Ross then redeemed himself by turning the game in the favor of the Longhorns with one of his biggest defensive plays of the year.

Up 14-3 in the second quarter, Iowa faced a second and goal from the Texas 14 after driving from their own 3-yard-line deep into Texas territory. Tate looked to the corner of the endzone to take an 18-point lead and complete control of the game.

But Ross made an acrobatic interception in the endzone to give Texas the ball.

Interestingly enough, the play right before the interception that moved the Hawkeye's back to the 14 was the most controversial of the ball game. On second and goal from the nine, Tate rolled right and then threw back across the field to a completely wide open tight end, Scott Chandler, for what looked to be a touchdown. But the play was called back on an illegal man downfield call, although no linemen were further than five yards off the line.

But official Jeff Robinson explained that the call was actually made on Chandler because he had illegally lined up when he came in motion.

"The man who caught the ball (Chandler) came in motion and came across the line, which made him ineligible to go downfield to catch the ball," said Robinson. "There was already a man outside of him. The official term for the call is ‘covered up on the line.'"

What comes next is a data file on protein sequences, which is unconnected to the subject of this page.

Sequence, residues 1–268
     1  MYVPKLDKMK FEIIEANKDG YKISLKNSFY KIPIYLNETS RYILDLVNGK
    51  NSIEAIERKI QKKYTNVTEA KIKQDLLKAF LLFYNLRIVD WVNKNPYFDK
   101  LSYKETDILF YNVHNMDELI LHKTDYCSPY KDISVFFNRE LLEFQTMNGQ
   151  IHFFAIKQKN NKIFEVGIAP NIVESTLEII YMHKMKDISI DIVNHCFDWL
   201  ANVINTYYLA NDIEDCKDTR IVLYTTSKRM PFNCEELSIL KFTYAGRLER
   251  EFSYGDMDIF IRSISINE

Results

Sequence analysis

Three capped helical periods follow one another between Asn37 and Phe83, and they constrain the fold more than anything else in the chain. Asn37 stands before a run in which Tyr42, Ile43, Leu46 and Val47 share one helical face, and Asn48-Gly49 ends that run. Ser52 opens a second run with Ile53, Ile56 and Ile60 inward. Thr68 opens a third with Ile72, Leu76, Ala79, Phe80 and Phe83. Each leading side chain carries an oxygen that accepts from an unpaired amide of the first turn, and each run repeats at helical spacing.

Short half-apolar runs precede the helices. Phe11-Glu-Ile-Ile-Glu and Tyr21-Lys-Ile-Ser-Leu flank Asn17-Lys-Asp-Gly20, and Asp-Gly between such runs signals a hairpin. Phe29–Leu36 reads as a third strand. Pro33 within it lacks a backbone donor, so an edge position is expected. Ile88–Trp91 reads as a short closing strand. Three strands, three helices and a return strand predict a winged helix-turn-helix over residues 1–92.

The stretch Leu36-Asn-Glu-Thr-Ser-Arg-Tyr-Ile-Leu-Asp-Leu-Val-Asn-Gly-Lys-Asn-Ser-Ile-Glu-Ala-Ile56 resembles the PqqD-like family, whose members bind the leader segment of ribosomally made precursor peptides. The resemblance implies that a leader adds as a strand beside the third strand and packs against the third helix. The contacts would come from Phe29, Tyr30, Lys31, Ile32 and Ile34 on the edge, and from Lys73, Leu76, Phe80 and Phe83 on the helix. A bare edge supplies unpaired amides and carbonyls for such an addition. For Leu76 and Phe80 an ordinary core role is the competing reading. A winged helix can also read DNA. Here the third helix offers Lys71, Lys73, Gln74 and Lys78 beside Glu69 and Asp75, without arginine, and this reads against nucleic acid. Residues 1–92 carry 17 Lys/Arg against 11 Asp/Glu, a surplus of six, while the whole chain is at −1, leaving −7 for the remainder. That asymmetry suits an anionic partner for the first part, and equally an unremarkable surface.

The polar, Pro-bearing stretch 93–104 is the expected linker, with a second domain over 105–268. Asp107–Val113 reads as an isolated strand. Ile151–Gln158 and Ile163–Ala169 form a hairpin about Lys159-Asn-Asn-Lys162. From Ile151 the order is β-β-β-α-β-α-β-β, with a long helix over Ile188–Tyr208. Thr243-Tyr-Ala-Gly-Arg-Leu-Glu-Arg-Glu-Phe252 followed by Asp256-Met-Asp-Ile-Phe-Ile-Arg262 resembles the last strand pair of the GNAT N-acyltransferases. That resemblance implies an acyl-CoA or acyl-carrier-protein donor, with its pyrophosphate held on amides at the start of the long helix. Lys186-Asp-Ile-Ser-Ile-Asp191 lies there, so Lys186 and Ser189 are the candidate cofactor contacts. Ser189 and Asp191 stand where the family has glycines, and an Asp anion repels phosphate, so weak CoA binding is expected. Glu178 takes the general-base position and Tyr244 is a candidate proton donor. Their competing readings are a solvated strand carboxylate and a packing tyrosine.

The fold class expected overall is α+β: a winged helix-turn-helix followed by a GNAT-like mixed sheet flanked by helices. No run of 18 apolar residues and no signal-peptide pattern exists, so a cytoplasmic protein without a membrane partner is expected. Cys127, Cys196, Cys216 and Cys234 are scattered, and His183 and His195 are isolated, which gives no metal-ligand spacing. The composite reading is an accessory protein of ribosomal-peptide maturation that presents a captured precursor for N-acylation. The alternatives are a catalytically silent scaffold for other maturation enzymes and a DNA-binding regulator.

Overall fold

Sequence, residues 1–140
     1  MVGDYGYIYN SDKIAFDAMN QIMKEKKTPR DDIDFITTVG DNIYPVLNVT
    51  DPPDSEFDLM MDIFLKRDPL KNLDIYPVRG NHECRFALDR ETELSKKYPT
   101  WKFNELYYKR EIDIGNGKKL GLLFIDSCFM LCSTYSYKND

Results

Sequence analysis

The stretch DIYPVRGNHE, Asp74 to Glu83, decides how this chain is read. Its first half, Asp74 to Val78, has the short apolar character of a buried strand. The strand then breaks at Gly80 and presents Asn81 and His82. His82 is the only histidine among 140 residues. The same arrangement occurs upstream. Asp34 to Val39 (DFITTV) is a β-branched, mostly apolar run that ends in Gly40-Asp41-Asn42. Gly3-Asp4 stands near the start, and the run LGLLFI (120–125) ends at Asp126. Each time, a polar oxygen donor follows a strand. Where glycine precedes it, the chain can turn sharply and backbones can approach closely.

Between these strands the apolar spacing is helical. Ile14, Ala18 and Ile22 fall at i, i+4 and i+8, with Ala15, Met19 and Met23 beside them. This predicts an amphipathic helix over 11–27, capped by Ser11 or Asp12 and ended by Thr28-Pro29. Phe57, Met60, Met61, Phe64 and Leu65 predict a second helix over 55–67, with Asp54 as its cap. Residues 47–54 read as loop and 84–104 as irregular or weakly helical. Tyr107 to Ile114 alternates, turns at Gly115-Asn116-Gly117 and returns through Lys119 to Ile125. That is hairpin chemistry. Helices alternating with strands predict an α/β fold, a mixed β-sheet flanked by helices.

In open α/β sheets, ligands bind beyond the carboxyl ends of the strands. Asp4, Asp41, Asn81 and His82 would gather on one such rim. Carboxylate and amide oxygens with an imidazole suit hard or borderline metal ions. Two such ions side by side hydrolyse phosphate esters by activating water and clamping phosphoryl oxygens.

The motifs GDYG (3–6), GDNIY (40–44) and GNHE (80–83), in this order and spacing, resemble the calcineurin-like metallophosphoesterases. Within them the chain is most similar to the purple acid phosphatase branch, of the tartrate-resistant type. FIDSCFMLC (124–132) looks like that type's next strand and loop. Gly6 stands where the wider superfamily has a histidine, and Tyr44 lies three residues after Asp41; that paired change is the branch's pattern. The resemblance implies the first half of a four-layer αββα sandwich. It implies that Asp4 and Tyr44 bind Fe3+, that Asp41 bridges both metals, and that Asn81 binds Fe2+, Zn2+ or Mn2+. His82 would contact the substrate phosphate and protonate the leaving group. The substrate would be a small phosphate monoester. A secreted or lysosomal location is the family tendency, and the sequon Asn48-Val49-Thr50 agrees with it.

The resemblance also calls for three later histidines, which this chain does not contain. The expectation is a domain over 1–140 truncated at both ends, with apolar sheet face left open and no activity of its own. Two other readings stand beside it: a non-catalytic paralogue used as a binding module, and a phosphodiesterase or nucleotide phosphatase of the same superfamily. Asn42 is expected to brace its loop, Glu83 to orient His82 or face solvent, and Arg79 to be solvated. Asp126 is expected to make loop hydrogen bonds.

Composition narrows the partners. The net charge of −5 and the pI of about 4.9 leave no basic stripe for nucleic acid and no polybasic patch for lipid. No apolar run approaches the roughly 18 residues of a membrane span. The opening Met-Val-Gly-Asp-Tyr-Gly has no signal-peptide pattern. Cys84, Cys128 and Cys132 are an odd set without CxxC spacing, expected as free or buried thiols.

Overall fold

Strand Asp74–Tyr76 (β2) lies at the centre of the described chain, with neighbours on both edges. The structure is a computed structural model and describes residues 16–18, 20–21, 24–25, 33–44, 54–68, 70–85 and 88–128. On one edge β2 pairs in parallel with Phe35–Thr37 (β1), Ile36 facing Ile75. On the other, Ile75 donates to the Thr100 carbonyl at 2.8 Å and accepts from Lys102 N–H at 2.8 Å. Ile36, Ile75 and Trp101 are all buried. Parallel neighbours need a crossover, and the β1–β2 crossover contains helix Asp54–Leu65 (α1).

Brown said that Chandler being covered up is the reason he was so open.

"When a guy's covered up, you don't cover him," said Brown.

Iowa head coach Kirk Ferentz wasn't so sure that Chandler was completely on the line.

"I didn't agree with the call, but it was a close call. It was a mistake we made," said Ferentz, who also added: "The officiating crew did an outstanding job."

The Longhorns drove back down the field and scored on a 20-yard pass to Limas Sweed to narrow the game to 14-10. Ross said that he and his teammates were determined to go out and win for their defensive coordinator.

"Playing for coach Akina, we had to go out there and get the win," said Ross.

When asked if Akina should get the Longhorns' defensive coordinator job on a full-time basis, Ross gave full support to his defensive backs coach.

"Coach Akina made me what I am today," said Ross. "If it was my decision: of course."

DT Roy Miller had a career game, leading the team in tackles with 11, and said that the win was a huge relief for his beleaguered ball-club.

"We've been practicing real hard. It was kind of a relief because all of the hard work we put in, you're finally starting to see," said Miller.

Akina said Miller was key to much of what the Longhorns were able to do defensively.

"Roy's a warrior," said Akina. "You've got to have a great nose guard to stop the running game."

Iowa ran for only 89 yards on 34 carries as a team during the Alamo Bowl. Although the Longhorns ran for only 70 yards themselves, running back Jamaal Charles got 72 yards on a single pass play in the third quarter.

Down 14-13 to the Hawkeyes in the third quarter, McCoy and the offense trotted back out onto the field after a missed Iowa field goal and only needed a single play to get back in the endzone. Charles beat his man up the sideline on a wheel route and galloped 72 yards down the field and scored the touchdown. McCoy said that even when his team was down and facing adversity, they rallied and never stopped fighting.

"Nobody gave up and everybody believed and kept playing," said McCoy.

The Longhorns and McCoy kept playing till the very end and ensured that Texas' up and down season was on a very high note at the end.